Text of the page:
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Anti-Semitism and Islamophobia: Spectropolitics and Immigration


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In the context of the Dutch immigration debate, tributes to the Holocaust and the memory of Europe’s dead Jews increasingly serve to dismantle multiculturalism as a failed paradigm and to drive a wedge between a revitalized, redeemed, color-blind, post-racial Europe and disenfranchized immigrant, minority and Muslim populations. Embedded in these invocations of the Holocaust and its moral imperatives is a ‘spectropolitics’ of tolerance, in which tolerance, staged as an essential touchstone of Dutch identity, supplies a differential norm that measures the civilizational and racial disjuncture between Europeans, minorities, and Muslims, and validates the new dual paradigm of Dutch citizenship and immigration policy: securitization and disciplinary integration. The centrality of the Holocaust as paradigmatic of Dutch and European racial history meanwhile sidelines the colonial past as constitutive of European identity; displaces an alternative understanding of race as (bio- and necro-political) instruments of colonial rule; and disavows the continued application of these instruments of racial rule in Dutch and European post-colonial societies.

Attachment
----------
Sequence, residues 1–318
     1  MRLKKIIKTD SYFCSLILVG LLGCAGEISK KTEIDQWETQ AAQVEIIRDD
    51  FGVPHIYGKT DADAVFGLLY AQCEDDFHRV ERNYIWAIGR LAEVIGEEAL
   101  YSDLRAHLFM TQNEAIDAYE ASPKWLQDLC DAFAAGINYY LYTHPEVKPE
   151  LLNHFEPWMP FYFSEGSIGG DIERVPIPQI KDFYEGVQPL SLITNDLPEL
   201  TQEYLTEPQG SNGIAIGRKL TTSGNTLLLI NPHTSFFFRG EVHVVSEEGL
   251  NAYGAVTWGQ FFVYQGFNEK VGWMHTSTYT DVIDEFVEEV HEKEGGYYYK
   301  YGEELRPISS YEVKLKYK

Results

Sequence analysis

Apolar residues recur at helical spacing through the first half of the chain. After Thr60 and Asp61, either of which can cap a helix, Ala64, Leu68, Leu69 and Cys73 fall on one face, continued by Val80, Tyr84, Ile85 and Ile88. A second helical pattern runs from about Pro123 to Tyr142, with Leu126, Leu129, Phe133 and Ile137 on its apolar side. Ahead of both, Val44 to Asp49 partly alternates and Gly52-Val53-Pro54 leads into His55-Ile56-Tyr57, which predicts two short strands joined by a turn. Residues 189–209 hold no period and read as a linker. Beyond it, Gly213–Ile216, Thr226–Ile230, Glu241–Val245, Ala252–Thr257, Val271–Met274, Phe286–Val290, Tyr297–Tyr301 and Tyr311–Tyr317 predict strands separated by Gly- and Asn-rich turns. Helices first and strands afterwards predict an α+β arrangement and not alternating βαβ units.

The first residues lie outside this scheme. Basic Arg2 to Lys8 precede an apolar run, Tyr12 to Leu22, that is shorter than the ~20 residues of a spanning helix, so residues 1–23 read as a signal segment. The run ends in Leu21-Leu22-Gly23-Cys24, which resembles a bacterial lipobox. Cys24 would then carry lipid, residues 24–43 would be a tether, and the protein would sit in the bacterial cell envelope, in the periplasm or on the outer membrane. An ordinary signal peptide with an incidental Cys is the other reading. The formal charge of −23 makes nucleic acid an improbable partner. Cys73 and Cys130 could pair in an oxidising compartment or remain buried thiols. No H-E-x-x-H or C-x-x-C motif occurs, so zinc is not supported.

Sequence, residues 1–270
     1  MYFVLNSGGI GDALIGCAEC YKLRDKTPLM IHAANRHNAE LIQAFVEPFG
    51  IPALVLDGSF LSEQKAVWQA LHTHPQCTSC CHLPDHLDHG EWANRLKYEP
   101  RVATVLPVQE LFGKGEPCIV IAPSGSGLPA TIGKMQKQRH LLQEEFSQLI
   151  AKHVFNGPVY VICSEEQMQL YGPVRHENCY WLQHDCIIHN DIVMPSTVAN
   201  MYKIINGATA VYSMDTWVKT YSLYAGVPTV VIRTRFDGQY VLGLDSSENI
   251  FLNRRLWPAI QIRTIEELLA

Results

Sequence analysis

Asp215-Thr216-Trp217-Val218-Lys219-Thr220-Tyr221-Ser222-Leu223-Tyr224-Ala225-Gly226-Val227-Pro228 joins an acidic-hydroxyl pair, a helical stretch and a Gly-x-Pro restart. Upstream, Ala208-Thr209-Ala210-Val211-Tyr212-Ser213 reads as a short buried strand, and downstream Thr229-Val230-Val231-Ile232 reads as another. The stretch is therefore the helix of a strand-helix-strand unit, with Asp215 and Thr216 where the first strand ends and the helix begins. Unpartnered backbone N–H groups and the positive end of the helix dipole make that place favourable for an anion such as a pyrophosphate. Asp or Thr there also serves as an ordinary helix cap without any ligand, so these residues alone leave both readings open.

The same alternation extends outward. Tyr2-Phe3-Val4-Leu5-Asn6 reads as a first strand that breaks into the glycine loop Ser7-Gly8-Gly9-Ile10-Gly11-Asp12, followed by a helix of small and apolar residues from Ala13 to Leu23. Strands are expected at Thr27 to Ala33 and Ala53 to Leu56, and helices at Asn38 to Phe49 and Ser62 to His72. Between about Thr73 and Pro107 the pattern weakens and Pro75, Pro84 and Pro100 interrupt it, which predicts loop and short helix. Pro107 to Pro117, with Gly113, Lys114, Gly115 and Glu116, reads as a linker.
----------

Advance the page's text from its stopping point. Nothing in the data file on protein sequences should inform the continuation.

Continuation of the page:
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Link to article (paywalled), Anti-Semitism and Islamophobia: Spectropolitics and Immigration

Bibliographic Information

Romyne, Esther Anti-Semitism and Islamophobia: Spectropolitics and Immigration. Theory, Culture and Society. 2014: 77-101.  https://archive.jpr.org.uk/10.1177%2F0263276413519482